The name Steppingley suggests an early settlement in a clearing in the woods and to this day it is a small attractive village surrounded by farms and areas of woodland. One of the smaller holders of land in 1086 was the Speke (later Espec) family. Far from being one of the great Norman overlords they were here to build up their estates. They had fifteen small and very small holdings scattered around Bedfordshire and made [Old] Warden and the adjoining Southill and Northill their headquarters. As professionals rather than great landowners the next generation were helping to administer an area of North Yorkshire and were based at Helmsley Castle. While he was there Walter Espec founded the Cistercian abbey of Rievaulx and then in 1135 a second abbey on his estate at Warden. As Walter had no male heir, only daughters, his scattered estates, which included Steppingley became known as the Barony of Warden. Their isolated village of Steppingley was particularly badly damaged when King William’s soldiers passed through in 1066 and they appear to have left the care of it to their tenants. The first we hear of the church (St Lawrence) is 1166 when Richard of Steppingley gave it to the priory. Unlike some other families, his son, in 1200 and his grandson, confirmed the gift without any disputes. Despite this, of all their churches, this maybe was the one that caused them the most trouble. Undoubtedly a small amount of land must have come with the church but there are no references to any further gifts of land. It was a village with a very low population and the church would have had a very low income. When Richard of Steppingley made his original gift it was confirmed by the Archdeacon of Bedford who instituted the prior as ‘parson’ of the church. At that period ‘parson’ meant the same as ‘rector’ giving him, on behalf of the priory, the church, church land and tithes. Future events suggest that in this case it included the advowson.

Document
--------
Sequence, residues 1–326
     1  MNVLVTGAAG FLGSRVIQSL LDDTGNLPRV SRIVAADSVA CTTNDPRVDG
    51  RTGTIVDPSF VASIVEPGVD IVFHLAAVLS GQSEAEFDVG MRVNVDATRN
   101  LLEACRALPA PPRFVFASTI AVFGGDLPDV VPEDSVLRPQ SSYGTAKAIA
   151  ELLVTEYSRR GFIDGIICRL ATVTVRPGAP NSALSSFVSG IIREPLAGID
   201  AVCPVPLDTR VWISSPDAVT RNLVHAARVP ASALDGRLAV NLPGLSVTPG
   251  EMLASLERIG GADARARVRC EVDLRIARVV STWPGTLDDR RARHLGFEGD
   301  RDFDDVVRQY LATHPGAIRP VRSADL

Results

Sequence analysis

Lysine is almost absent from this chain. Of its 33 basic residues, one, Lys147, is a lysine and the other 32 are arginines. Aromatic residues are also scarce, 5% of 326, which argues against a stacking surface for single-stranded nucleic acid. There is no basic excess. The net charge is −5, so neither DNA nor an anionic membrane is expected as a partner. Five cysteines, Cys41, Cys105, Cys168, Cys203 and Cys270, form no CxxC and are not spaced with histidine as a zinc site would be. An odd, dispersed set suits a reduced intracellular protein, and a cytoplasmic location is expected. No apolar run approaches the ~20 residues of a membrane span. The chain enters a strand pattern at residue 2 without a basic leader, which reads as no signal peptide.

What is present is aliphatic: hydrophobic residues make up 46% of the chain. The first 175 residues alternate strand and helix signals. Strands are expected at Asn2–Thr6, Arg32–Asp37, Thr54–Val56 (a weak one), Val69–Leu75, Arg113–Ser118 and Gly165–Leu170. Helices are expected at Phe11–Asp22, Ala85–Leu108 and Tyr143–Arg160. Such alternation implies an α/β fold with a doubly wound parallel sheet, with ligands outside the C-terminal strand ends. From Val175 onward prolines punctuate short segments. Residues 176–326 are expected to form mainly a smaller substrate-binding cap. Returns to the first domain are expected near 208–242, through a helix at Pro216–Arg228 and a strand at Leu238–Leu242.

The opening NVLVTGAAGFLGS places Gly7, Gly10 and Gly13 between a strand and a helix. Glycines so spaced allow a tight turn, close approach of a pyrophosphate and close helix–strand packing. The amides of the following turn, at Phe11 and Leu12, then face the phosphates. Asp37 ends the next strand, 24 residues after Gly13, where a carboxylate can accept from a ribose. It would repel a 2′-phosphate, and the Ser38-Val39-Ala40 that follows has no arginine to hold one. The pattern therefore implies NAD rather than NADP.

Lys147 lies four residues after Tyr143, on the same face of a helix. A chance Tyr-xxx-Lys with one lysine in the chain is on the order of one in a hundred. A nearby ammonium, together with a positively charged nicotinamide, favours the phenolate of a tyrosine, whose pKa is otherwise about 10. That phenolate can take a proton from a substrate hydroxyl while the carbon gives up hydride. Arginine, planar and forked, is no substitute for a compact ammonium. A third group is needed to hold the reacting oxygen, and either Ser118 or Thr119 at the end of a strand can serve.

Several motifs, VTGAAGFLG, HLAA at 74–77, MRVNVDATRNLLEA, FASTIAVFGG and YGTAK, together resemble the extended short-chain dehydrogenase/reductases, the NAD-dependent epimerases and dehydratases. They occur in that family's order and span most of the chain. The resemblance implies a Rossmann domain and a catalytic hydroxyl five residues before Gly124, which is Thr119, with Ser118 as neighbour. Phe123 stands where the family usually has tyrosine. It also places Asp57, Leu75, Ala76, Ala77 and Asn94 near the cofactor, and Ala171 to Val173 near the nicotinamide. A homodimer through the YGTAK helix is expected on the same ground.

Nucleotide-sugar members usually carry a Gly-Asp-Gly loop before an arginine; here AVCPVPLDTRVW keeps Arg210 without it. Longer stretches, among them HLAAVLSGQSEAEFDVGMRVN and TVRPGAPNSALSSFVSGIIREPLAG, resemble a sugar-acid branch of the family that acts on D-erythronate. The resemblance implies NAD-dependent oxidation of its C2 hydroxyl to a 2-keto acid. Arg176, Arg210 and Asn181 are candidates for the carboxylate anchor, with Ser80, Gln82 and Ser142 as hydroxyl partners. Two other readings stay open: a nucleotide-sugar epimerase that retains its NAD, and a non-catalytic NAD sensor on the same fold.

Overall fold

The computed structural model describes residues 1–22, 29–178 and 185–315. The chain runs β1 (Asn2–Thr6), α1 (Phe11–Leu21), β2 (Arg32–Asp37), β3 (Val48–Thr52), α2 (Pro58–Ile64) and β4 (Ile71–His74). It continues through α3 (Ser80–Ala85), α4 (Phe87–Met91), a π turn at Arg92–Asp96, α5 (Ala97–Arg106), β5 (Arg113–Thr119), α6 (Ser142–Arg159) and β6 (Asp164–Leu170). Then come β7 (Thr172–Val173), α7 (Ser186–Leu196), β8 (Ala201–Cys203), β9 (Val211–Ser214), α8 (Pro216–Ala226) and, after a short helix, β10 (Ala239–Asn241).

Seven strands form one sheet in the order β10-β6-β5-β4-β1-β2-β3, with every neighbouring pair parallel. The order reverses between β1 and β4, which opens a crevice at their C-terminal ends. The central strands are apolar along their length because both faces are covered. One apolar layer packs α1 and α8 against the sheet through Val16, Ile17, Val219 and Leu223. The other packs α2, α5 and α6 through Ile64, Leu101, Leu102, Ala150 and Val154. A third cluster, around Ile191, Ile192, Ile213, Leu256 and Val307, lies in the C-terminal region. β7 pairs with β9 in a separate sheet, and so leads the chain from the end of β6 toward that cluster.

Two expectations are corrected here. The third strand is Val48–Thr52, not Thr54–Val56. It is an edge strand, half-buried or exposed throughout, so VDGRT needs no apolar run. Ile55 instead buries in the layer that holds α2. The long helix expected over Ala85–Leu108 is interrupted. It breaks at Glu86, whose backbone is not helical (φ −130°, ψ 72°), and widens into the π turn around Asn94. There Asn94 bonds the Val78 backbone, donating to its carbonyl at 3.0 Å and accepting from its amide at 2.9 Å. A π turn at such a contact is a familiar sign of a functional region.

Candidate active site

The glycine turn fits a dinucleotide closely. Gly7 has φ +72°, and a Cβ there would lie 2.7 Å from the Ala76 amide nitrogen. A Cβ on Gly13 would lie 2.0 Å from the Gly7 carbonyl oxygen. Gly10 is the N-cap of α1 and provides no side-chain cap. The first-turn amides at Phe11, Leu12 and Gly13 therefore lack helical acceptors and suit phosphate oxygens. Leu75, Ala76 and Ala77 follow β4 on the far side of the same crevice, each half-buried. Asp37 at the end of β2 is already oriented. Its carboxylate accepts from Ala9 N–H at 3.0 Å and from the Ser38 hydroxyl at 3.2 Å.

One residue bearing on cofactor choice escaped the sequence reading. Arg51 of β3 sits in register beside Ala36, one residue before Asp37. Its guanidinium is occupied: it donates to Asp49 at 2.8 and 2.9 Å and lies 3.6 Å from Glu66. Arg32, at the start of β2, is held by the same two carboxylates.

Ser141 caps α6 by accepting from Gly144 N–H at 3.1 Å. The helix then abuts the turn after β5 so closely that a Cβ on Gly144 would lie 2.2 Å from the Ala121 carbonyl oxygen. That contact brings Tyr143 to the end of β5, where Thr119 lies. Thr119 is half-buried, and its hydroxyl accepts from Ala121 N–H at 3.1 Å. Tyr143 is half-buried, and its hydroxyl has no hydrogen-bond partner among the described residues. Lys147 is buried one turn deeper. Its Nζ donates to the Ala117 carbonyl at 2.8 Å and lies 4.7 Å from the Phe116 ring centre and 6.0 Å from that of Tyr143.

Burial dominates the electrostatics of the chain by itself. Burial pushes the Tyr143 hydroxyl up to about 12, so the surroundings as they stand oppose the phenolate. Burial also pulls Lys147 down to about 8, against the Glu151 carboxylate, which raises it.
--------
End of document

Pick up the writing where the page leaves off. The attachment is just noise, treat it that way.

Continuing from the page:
There are very few more references to the Steppingley family. Fairly early in the 13th century a Roger Steppingley married the co-heiress of nearby Eversholt and they gave small gifts of land in that village to the priory. An interesting gift from Eversholt was from Roger’s mother-in-law around 1200, it was to ensure that if she died within 10 leagues of Dunstable they would convey her at their charge and bury her in their cemetery. When Roger died she took as her second husband “Adam of the Church” at Steppingley. There is no mention of a vicar at the time of Richard’s gift so this is an intriguing entry. It may just mean by or near the church or it may suggest at some level a married priest? Later entries confirm the priory’s decision to let out  the position as rector for money. In 1220 there is a court case brought by their vicar, Richard, complaining that he had not received the land or money promised to him. The priory won this case but co-incidentally, amongst the published charters is ‘A catalogue of letters Apostolic in favour of the Priory’. In brief the pope is asking a group of very senior church officials to look into complaints made by the priory and others. Many of these complaints, without naming parishes or clergy, concerned vicars who “were keeping women in their houses to the scandal of the people”. Steppingley was not named until the end when their vicar “R” is accused that he refused in person to take the services.